While traveling for work, I sat next to a 26-year-old woman on a plane to Austin, Texas. She helped me relive a moment from my past that continues to be a reminder of the importance of being comfortable with who you are, especially if what you believe makes you "different."
As the passengers boarded we started talking. She was on her way home after visiting some of the most prestigious MBA graduate programs in the country, places like Harvard and Duke. I asked her why she had chosen those schools and was surprised to hear that she was searching to find a program that allowed her to explore social impact organizations. Why? She shared with me stories about working in a school in the Philippines as a member of the Peace Corps. She wanted to become a social entrepreneur and start an organization that allowed her to give back and make a living at the same time.
As the plane took off, I reflected on what she had said and my own MBA journey. Sadly, social impact and social entrepreneurship programs were not popular when I was working on my MBA in 2007. In fact, where I went to school, many students, staff, and professors did not believe that nonprofit management was a field for bright, budding leaders. While I did have some professors who were supportive, there were zero courses offered in nonprofit management within the business school.
Not everyone understands giving or the skill set you build from volunteering and investing in others. When I was eleven years old, I started the organization Grandma's Gifts in memory of my Appalachian grandmother who had grown up in poverty but used her short life to give to others. As a way to remember her, my dream was to help kids in-need. We didn't have a business plan. We didn't know or understand Porter's 5 Forces, a SWOT analysis, and Balance Sheets. Now, 22 years later, we are still volunteer-run but have all of those business structures, multiple degrees, and repeat investors (donors), yet we still have the same purpose: to make a difference.
When I tried to share my feelings about nonprofits as businesses in grad school, I was often met with great negativity. The most embarrassing moment happened in class. While on a tangent, the professor asked one of my fellow male classmates why he was in the MBA program? My classmate's witty response was, "to learn how to make money!" Everyone laughed. Someone whistled in support. The professor chuckled and smiled. That was obviously a widely-held belief.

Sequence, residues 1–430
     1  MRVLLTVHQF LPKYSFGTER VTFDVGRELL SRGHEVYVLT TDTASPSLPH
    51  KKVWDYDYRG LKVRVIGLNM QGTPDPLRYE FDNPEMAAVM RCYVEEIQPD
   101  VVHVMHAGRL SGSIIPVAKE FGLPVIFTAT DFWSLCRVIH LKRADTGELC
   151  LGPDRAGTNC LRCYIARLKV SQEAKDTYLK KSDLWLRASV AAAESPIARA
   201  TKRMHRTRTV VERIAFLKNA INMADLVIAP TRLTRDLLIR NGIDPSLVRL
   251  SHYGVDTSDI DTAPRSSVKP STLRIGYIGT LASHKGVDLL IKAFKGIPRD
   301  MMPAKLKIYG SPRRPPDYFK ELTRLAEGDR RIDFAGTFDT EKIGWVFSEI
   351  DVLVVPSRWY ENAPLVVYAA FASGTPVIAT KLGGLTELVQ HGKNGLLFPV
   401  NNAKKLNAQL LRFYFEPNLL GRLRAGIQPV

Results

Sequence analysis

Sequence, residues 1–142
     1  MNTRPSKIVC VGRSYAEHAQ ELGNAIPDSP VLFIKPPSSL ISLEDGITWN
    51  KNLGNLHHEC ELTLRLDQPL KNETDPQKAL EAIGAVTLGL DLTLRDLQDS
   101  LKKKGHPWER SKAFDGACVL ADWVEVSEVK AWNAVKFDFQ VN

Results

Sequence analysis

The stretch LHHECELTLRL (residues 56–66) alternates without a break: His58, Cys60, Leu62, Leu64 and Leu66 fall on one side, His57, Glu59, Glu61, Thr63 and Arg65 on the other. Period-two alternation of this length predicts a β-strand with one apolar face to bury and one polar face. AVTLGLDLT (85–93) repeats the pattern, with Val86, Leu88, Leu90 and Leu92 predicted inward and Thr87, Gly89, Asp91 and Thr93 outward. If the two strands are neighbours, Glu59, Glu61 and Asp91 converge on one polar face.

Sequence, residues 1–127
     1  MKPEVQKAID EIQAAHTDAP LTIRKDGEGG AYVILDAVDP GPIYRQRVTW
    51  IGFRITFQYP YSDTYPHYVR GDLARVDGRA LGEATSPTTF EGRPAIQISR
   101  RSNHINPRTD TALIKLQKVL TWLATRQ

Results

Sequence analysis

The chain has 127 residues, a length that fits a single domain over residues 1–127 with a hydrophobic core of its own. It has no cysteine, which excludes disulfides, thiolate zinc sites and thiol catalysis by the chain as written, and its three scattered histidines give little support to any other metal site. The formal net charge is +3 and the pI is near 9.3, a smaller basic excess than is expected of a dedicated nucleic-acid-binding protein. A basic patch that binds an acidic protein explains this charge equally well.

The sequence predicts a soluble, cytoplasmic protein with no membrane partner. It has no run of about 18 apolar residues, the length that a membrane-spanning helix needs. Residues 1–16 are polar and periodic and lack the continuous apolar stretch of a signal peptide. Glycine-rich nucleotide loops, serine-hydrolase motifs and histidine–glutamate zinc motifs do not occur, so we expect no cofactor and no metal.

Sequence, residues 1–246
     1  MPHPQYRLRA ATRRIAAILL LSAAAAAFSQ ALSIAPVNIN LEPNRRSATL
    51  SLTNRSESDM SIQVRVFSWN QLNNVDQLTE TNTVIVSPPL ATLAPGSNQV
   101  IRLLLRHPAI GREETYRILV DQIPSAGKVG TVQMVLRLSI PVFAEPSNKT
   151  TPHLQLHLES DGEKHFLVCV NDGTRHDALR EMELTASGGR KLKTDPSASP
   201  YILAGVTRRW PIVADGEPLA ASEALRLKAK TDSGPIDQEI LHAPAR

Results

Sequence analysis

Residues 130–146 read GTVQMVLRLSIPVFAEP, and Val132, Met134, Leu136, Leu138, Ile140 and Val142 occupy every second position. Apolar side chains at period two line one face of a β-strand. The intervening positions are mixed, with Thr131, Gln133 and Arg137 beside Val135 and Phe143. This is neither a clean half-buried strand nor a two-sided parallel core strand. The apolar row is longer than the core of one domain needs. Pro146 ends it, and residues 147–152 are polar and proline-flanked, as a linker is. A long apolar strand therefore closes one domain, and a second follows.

Then I was the next one called on randomly.
"Emily, why are you here in the MBA program?"
I responded, building on the previous response, "I am here to learn how to make money... so then I can then give it away!"
My professor's face went sour. A few people giggled. He was not amused with my honest response. "They're learning how to make money? [signaling to my classmates] This is a business school last time I checked... there are other colleges here at the University for those who want to make people 'feel good.'"
I felt sick. My face felt like it was on fire. My feet tingled. What does one say to something like that?
Then, in a moment of desperation I blurted out, "Well, nonprofits are businesses."
With that response, he shook his head in disappointment and looked at the floor. He was utterly disgusted. I melted into my chair in embarrassment, wishing I could disappear. This was my giving spirit's coup de grâce in the MBA program. My perspective and goals were not the same as others. I was officially different.
While I didn't stop running Grandma's Gifts after this experience, I let that incident lead me into my first job with an entity that took hospitals through bankruptcy, mergers, and acquisitions. I made great money and had a great title -- the goal of all my classmates. Yet the job made me miserable because it wasn't "me." I needed get back on my path -- to make a living while making an impact. So, I left and joined a nonprofit in the education sector. I have a professional job with professional pay and every day for the past six years I have gotten to be innovative, use my graduate degrees, work with an awesome team, and help districts across the country.
While it only took me a year to realize I was in the wrong job, what I find interesting is that the world has dramatically shifted in the six years since I graduated. Even some of the most well-known business MBA graduate schools like Stanford, Yale, Wharton, Kellogg, Sloan, and Booth have widely popular social entrepreneurship or nonprofit management programs or courses. Clearly more people looking to go to graduate school have goals like mine -- to work for or run an organization that is successful (as seen through engaged employees and loyal customers) but that also has a positive social impact. Crazy!
In the end, I graduated with a fabulous MBA knowledge base, but most importantly, I learned that while sometimes your views are unpopular, your thinking may not be wrong. I now know that my response to the question posed by my professor will never change and that if I could go back, I would push back on his thinking. I wonder what people like Warren Buffet, Pierre Omidyar, Bill Drayton, Sara Blakely, Jeff Skoll, Tony Hsieh, Steve Case, Bill or Melinda Gates, and Arianna Huffington would have thought if they were sitting in my class that day? I think they would have given me a whistle in support...